Here is a sample of what has magically shown up in my mailbox. I don't remember signing up for all of them, but I gladly read whatever comes my way. Some of my favorites for bare-root fruit trees are Raintree Nursery, Grow Organic or Peaceful Valley Farm (they also have great seeds) and One Green World (although I don't have a catalogue - just browsed their website). For seed, my goodness, there are so many out there. A few I am familiar with are Territorial of course, Select Seeds, Botanical Interests, Renee's, Baker Creek Heirloom Seeds (I especially love them as you can tell by the first photo in this post), Seed Saver's Exchange, Johnny's, The Hudson Valley Seed Company, Siskiyou Seeds and others. I prefer heirloom when possible, but sometimes there are improved varieties that are worthy of trying. The thing is, for a few dollars a packet, it's worth experimenting with foods that you and your family enjoy eating. If it doesn't work out, you're only out a few dollars and can move on to something new. Another wonderful source for seed is of course through friends and neighbors. This is how so many of these old-fashioned heirloom seeds have survived the GMO chopping block -- they are instead treasured gifts passed down from generation to generation. Many of the seed companies listed are dedicated to preserving these seeds and diversity, something sorely lacking in the mass-grown GMO crops of certain giganto corporations.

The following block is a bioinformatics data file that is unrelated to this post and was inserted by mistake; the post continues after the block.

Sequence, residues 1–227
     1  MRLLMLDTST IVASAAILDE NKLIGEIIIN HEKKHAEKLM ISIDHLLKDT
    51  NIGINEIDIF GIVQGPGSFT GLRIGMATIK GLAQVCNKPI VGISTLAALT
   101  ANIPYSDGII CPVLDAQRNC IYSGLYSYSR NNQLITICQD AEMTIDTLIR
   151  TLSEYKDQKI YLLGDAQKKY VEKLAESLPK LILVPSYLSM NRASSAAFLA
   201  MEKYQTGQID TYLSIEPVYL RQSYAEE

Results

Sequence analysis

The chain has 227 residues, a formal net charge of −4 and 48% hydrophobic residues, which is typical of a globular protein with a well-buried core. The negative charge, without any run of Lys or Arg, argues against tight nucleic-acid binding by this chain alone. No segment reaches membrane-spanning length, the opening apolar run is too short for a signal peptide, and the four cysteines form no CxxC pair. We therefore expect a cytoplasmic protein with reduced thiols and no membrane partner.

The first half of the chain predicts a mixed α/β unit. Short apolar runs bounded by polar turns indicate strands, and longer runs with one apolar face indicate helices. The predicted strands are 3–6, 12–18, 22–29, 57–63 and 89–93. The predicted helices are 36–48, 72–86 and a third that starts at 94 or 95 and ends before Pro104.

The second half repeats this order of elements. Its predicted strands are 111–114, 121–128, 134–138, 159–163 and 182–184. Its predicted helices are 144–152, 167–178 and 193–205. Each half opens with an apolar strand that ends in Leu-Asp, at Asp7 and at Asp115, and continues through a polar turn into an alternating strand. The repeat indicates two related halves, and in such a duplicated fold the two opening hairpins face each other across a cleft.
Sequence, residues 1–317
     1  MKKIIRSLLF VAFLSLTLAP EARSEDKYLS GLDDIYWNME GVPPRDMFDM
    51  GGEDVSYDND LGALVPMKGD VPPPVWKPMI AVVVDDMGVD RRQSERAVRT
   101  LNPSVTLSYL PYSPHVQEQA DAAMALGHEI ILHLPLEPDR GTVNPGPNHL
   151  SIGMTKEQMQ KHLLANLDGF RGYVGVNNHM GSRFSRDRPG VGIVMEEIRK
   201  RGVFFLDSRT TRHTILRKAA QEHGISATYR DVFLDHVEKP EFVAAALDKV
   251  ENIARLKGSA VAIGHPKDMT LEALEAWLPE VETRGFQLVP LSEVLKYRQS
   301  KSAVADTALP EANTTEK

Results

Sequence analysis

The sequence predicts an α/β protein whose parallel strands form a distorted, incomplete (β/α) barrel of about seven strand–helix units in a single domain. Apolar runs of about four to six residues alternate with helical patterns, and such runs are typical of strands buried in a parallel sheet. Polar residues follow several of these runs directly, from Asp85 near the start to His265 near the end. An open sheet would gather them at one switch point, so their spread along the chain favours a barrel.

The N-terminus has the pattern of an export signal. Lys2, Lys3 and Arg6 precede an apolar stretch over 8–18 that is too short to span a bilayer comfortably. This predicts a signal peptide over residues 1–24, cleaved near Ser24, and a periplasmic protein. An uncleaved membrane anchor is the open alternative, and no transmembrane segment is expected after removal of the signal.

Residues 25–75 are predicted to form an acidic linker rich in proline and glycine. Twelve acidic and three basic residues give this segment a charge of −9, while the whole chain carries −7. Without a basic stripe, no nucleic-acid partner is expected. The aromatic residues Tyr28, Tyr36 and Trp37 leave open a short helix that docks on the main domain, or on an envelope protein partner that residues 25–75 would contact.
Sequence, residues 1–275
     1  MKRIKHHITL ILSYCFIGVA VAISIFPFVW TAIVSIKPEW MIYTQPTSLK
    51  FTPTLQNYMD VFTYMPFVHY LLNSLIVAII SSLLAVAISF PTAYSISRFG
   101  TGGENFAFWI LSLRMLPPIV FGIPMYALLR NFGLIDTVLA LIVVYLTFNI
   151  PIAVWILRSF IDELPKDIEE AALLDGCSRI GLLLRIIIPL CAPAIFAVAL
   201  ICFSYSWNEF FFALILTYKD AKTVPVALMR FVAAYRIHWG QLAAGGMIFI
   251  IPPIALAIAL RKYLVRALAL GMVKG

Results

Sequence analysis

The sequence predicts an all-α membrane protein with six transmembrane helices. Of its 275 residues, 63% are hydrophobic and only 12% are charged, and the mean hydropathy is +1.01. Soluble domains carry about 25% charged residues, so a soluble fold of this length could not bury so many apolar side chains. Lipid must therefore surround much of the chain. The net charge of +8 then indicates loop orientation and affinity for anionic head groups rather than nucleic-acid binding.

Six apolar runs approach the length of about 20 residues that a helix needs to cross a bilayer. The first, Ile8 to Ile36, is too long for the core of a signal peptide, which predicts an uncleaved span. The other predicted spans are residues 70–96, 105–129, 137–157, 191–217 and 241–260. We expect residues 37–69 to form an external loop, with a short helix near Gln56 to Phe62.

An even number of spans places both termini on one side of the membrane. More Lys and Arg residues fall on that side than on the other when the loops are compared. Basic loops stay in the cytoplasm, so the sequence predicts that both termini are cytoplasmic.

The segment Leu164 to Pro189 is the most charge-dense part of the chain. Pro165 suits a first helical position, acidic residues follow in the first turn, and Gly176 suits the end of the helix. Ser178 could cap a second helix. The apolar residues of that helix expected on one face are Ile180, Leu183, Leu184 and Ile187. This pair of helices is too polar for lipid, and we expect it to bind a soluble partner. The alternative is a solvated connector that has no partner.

Something else to consider is the humble pollinator. Your crops need it or you won't have any melt-in-your-mouth raspberries to enjoy, or much of anything. If it has a flower that produces a fruit, it will need a pollinator. The European honey bee is the obvious pollinator most people think of, but there are hundreds of native bees that also do the job. Think about habitat for solitary bees like bumble bees and sort-of solitary bees like the orchard mason bee. They are called orchard mason bees for a reason - they pollinate orchards early in the season when the honey bees aren't active. They are easy to raise, gentle creatures with a beautiful blue green metallic sheen. Although they do not produce honey, they are so worthwhile and low-maintenance. I raise them, you can read about my experiences with them here and here. One day we may get honey bees, but that's a year or so away.